Since Our Own Devices came out in 2003, one technological development really stands out to Dr. Tenner—the smartphone. "Smartphones are capable of doing so many things—taking pictures, recording video, and even banking. They've become navigation devices and teaching machines. So many of the things that people developed massive, specialized computers for in the late 20th century now are all being packed into these portable devices."
And the unintended consequences of smartphones? As users pour more and more of their personal information into them, Dr. Tenner asks, "What happens when people lose these portable devices? I say 'when' they lose it because anything that people are carrying around like that is going to get lost, and people now are very apprehensive about the risks of hacking. So this little miracle in your pocket also has a demonic side. It might very well betray you."
But, Dr. Tenner observes, many people have now started to recognize potential unintended consequences and react cautiously to technological change. Through speaking at the research laboratories of Microsoft and Intel, Dr. Tenner discovered that scientists and engineers are also very much aware of the kinds of negative unintended consequences he has written about. "In fact, I couldn't have written about it if I didn't have dozens of articles by people like that, about these very problems," says Dr. Tenner. "They have methodologies for dealing with them. So in the technical culture, I'm really not controversial at all."
In some technical quarters, however, Dr. Tenner might not be so welcome. He admits that robotics and artificial intelligence, for example, depend heavily on optimistic forecasts. "I'm not against that research or those technologies at all," says Dr. Tenner, "I just think that many things are really much harder than the people who are working on them believe." He acknowledges the need for a certain amount of self-deception in order to advance knowledge. He cites the Panama Canal as an example: "It's very often a good thing that we can't predict a lot of the problems that we're going to run into, that we undertake things that are not fully understood. A lot of these are going to be failures, but the successes may depend on it." While a visitor at the Institute for Advanced Study, Dr. Tenner met Professor Albert O. Hirschman, who first called attention to this phenomenon known as the "hiding hand."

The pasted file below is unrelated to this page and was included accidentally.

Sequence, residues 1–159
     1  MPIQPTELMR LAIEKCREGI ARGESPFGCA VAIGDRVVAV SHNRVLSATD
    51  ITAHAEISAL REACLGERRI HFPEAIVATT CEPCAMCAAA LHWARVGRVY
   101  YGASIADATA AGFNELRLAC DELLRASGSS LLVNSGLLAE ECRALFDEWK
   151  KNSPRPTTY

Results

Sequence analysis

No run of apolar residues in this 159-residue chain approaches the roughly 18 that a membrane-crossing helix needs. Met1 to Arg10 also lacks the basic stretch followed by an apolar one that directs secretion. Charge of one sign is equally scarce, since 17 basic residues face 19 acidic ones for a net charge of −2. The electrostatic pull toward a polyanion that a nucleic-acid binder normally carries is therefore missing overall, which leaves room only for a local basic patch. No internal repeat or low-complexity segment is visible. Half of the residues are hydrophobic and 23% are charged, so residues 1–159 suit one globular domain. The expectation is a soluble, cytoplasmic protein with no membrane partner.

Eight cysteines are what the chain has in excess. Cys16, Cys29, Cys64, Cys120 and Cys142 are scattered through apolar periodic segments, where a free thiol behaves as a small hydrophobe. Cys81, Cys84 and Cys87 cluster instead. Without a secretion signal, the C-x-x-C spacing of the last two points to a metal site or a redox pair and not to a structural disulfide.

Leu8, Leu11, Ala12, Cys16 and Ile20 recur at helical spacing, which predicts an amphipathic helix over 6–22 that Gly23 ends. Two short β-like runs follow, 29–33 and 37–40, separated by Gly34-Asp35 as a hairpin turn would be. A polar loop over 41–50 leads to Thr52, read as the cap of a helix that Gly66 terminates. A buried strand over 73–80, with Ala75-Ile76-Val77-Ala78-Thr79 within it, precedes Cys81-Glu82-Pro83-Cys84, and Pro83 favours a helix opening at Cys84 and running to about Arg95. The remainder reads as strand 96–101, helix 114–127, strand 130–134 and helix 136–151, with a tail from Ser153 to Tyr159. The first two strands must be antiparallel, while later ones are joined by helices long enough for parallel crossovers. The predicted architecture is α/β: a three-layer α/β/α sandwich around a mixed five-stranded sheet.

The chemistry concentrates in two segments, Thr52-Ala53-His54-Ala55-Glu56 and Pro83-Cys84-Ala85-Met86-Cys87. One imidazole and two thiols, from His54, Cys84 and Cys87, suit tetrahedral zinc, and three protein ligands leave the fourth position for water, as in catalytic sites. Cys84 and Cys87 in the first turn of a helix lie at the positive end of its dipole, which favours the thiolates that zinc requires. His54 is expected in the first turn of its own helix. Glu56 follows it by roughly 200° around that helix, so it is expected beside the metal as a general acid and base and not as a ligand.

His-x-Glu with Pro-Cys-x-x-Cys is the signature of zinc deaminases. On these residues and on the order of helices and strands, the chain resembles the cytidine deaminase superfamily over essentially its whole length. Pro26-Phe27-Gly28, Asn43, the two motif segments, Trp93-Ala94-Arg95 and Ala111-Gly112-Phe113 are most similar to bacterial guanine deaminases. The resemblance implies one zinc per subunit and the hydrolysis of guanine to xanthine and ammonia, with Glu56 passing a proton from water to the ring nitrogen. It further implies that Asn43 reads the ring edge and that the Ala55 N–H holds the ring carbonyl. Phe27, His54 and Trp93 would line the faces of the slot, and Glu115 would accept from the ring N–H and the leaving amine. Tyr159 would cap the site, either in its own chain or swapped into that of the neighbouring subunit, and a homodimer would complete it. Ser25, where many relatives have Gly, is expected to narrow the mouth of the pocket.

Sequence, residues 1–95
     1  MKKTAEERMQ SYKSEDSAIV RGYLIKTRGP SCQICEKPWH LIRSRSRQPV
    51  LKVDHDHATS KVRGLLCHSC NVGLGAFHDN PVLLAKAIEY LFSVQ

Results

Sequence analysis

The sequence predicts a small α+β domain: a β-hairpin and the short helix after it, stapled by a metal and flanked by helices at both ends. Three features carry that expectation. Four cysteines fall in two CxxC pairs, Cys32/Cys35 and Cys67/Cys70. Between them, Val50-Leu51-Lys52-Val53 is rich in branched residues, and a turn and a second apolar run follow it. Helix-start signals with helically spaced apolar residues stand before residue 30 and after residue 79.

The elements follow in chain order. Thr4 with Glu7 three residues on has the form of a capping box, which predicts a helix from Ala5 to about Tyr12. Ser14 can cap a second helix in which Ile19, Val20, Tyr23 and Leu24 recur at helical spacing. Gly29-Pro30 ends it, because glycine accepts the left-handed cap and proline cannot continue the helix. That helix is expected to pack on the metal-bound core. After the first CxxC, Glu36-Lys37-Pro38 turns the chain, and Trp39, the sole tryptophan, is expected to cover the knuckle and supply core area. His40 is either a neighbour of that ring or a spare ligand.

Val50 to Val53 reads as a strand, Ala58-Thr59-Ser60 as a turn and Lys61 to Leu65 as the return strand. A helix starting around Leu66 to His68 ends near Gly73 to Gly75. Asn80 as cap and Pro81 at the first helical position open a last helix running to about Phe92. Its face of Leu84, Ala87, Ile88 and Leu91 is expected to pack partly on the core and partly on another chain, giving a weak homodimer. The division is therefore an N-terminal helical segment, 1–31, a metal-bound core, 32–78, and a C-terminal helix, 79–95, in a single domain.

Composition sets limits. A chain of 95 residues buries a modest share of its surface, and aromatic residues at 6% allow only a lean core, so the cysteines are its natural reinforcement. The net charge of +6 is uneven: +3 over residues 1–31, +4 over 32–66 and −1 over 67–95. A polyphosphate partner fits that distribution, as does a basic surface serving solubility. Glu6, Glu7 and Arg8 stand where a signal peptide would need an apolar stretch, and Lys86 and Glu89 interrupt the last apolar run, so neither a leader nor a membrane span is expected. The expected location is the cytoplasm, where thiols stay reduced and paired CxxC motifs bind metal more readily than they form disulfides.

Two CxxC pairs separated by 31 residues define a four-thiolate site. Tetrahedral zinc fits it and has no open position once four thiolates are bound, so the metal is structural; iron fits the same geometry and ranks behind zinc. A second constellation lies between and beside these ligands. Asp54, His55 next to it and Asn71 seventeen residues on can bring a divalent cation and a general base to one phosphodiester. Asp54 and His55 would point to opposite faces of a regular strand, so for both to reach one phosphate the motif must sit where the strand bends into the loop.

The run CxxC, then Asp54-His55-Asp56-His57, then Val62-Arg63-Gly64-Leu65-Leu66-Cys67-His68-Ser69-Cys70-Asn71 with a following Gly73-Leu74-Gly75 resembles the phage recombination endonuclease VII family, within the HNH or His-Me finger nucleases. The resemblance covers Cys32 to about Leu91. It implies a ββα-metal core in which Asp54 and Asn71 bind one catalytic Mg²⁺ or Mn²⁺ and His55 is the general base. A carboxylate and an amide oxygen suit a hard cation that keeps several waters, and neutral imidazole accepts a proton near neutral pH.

As a non-scientist drawn into scientific publishing after the academic job market crashed in the 1970s, Dr. Tenner observes, he has had personal experience of the positive unintended consequences of negative events. He is now at work on a new book on the subject, having learned first-hand about the value of using historical examples to be more resilient. "But gradually, as I've seen the response to the economic emergency, there are structural problems that make it harder now to be resilient," he says. "It isn't just about what individuals do, it's about social and economic institutions and technology that work against resilience. I call that 'counter-serendipity.'"
Many of the people Dr. Tenner is studying for his new book did work they hadn't expected to do, and perhaps weren't qualified to do. "The inventor of the Michelin steel-belted radial tire actually came from the company's graphic arts shop," Dr. Tenner explains. "They kept him because he seemed to have a creative way to approach problems and he came up with the geometry of the steel-belted radial tire. Their most important product came from somebody who would have been disqualified by a resume screening program for having the job that he did."
In recent years, Dr. Tenner has taken his work into the blogosphere. Having previously written for The Atlantic, he was invited to provide outside commentary for the magazine's website. Since 2009, his blog posts have addressed a wide variety of subjects, including current political issues, the ongoing debate over replacing cursive handwriting skills with keyboarding in schools, and an article on the unintended consequences of chess software, called "Rook Dreams," discussing the impact of chess computers on the game of chess. His blog can be found at http://www.theatlantic.com/edward-tenner.
Dr. Tenner says that his Woodrow Wilson Fellowship meant "participating in a mode of an incredible optimism about mass education and about the future," which he strives to sustain today. "After I left the mainstream of a tenure track career, I've been trying to keep that promise alive on a more independent basis and to sustain the mission of the Woodrow Wilson Fellowships with new means—especially with the web, with blogging, with my personal website. Even though the employment situation has changed, to me the goals of the program are still very much alive."